Stars in the eyes of astronauts and cosmonauts living and working in space for the benefit of all on Earth. Photograph from the International Space Station, their home away from our home planet, 30 January 2014. Credit: NASA
A beautifully animated description of what we know about the creation of the Universe, so far.
We can see most of the how, though who knows how long this can last. Does the universe build in enough time for the beings that study it, to reveal why it happened? We’ll see I guess. :D
Pusheen the cat making some chemistry.
That cat is not wearing safety goggles, he hasn’t even bothered to clean up that spilled solvent, and he is holding that Erlenmeyer flask way to close to his face.
Pusheen the Cat, more like Pusheen the limits of lab safety
|—||Richard P. Feynman (via observando)|
An exciting year if you are planning a vacation outside of our solar system.
Cover, Title Page and Six Plates from Atlas Photographique de la Lune, L’Observatoire de Paris, (1899)
On March 3, 1972, NASA launched the Pioneer 10 space probe on a mission to explore faraway Jupiter. It would later become the first man-made object to leave the Solar System.
Milky Way rises in the eastern sky before dawn on Feb. 4, 2014, Yunnan Province, southwestern China.
Image by: Astrophotographer Jeff Dai
Image from: space.com
Computer reconstruction of Neil Armstrong’s view out the Lunar Module on Apollo 11, 520 feet above the lunar surface just as he transferred from automatic control to semi-manual “attitude hold” (note his hand reaching for the switch), to fly the vehicle past West crater (visible out the window) to a smooth area for landing. (via Exo Cruiser)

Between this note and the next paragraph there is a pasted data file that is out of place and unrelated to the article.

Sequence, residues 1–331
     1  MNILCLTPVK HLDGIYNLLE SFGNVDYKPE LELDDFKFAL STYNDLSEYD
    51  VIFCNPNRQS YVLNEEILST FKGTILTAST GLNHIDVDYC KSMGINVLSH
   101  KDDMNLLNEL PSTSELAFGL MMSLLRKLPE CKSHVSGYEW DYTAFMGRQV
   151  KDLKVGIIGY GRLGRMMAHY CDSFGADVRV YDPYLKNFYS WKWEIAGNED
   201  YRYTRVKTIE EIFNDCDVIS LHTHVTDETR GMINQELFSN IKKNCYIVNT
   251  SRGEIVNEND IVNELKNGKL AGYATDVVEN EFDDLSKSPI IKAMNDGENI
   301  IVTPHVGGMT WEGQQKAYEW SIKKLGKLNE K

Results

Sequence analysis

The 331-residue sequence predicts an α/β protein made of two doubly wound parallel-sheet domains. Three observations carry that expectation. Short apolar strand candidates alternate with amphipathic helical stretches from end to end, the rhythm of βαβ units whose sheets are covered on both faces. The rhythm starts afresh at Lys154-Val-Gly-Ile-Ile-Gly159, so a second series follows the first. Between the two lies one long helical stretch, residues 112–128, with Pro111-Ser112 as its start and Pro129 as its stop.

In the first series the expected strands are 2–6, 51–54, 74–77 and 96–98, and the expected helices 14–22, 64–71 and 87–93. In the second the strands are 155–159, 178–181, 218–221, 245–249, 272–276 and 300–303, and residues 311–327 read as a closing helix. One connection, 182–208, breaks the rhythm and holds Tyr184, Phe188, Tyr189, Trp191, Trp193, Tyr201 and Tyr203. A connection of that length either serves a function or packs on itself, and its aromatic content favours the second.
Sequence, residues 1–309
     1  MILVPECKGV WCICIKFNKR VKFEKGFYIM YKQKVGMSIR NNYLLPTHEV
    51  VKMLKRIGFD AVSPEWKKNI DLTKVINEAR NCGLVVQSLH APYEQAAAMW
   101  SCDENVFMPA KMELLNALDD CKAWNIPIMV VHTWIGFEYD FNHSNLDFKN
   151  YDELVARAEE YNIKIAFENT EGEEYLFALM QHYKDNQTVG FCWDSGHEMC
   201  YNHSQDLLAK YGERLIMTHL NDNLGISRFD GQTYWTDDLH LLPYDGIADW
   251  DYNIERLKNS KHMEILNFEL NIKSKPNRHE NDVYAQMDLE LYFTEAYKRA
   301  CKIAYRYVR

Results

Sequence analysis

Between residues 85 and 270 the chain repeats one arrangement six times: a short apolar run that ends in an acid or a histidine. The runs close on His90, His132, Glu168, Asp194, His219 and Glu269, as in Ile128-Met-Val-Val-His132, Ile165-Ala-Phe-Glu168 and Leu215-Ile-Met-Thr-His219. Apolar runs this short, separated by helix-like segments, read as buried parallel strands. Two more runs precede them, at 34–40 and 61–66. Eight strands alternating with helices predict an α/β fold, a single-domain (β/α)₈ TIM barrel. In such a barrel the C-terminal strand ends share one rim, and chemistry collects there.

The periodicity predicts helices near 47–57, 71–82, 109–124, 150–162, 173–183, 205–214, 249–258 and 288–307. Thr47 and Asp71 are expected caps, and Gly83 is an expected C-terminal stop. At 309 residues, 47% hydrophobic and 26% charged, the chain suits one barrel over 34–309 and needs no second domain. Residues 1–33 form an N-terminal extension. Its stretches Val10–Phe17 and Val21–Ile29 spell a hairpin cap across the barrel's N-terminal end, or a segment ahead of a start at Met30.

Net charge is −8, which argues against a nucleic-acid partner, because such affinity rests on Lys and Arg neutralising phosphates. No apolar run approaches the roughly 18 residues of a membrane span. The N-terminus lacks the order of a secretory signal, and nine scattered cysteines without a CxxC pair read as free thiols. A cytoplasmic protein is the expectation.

Source Region for Possible Europa Plumes
This reprojection of the official USGS basemap of Jupiter’s moon Europa is centered at the estimated source region for potential water vapor plumes that might have been detected using the Hubble Space Telescope. The view is centered at -65 degrees latitude, 183 degrees longitude. In addition to the plume source region, the image also shows the hemisphere of Europa that might be affected by plume deposits. This map is composed of images from NASA’s Galileo and Voyager missions. The black region near the south pole results from gaps in imaging coverage. > Read more Image Credit: NASA/JPL-Caltech/SETI Institute